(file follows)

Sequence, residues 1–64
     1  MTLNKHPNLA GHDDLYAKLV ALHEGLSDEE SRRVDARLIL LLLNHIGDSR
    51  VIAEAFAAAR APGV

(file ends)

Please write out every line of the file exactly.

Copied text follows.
Sequence, residues 1–64
     1  MTLNKHPNLA GHDDLYAKLV ALHEGLSDEE SRRVDARLIL LLLNHIGDSR
    51  VIAEAFAAAR APGV